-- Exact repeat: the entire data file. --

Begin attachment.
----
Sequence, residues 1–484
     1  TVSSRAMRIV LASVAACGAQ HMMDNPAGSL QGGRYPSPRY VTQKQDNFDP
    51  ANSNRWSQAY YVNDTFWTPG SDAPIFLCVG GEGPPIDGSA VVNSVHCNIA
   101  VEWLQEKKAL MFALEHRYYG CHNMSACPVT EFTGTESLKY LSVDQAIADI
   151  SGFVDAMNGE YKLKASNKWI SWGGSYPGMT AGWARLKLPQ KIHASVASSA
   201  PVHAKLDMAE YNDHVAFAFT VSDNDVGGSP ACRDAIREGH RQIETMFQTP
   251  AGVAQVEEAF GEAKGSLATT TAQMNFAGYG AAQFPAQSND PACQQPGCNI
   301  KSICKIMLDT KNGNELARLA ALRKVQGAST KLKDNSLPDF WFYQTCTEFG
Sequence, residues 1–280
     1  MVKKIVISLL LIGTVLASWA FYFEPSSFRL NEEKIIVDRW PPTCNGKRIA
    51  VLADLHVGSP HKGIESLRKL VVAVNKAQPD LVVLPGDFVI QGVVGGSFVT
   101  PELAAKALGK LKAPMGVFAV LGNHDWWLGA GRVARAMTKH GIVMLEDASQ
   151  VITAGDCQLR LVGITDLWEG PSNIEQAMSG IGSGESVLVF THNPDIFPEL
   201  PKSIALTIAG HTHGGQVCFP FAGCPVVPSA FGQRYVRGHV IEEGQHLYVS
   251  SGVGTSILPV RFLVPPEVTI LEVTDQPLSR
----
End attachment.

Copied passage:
Sequence, residues 1–484
     1  TVSSRAMRIV LASVAACGAQ HMMDNPAGSL QGGRYPSPRY VTQKQDNFDP
    51  ANSNRWSQAY YVNDTFWTPG SDAPIFLCVG GEGPPIDGSA VVNSVHCNIA
   101  VEWLQEKKAL MFALEHRYYG CHNMSACPVT EFTGTESLKY LSVDQAIADI
   151  SGFVDAMNGE YKLKASNKWI SWGGSYPGMT AGWARLKLPQ KIHASVASSA
   201  PVHAKLDMAE YNDHVAFAFT VSDNDVGGSP ACRDAIREGH RQIETMFQTP
   251  AGVAQVEEAF GEAKGSLATT TAQMNFAGYG AAQFPAQSND PACQQPGCNI
   301  KSICKIMLDT KNGNELARLA ALRKVQGAST KLKDNSLPDF WFYQTCTEFG
Sequence, residues 1–280
     1  MVKKIVISLL LIGTVLASWA FYFEPSSFRL NEEKIIVDRW PPTCNGKRIA
    51  VLADLHVGSP HKGIESLRKL VVAVNKAQPD LVVLPGDFVI QGVVGGSFVT
   101  PELAAKALGK LKAPMGVFAV LGNHDWWLGA GRVARAMTKH GIVMLEDASQ
   151  VITAGDCQLR LVGITDLWEG PSNIEQAMSG IGSGESVLVF THNPDIFPEL
   201  PKSIALTIAG HTHGGQVCFP FAGCPVVPSA FGQRYVRGHV IEEGQHLYVS
   251  SGVGTSILPV RFLVPPEVTI LEVTDQPLSR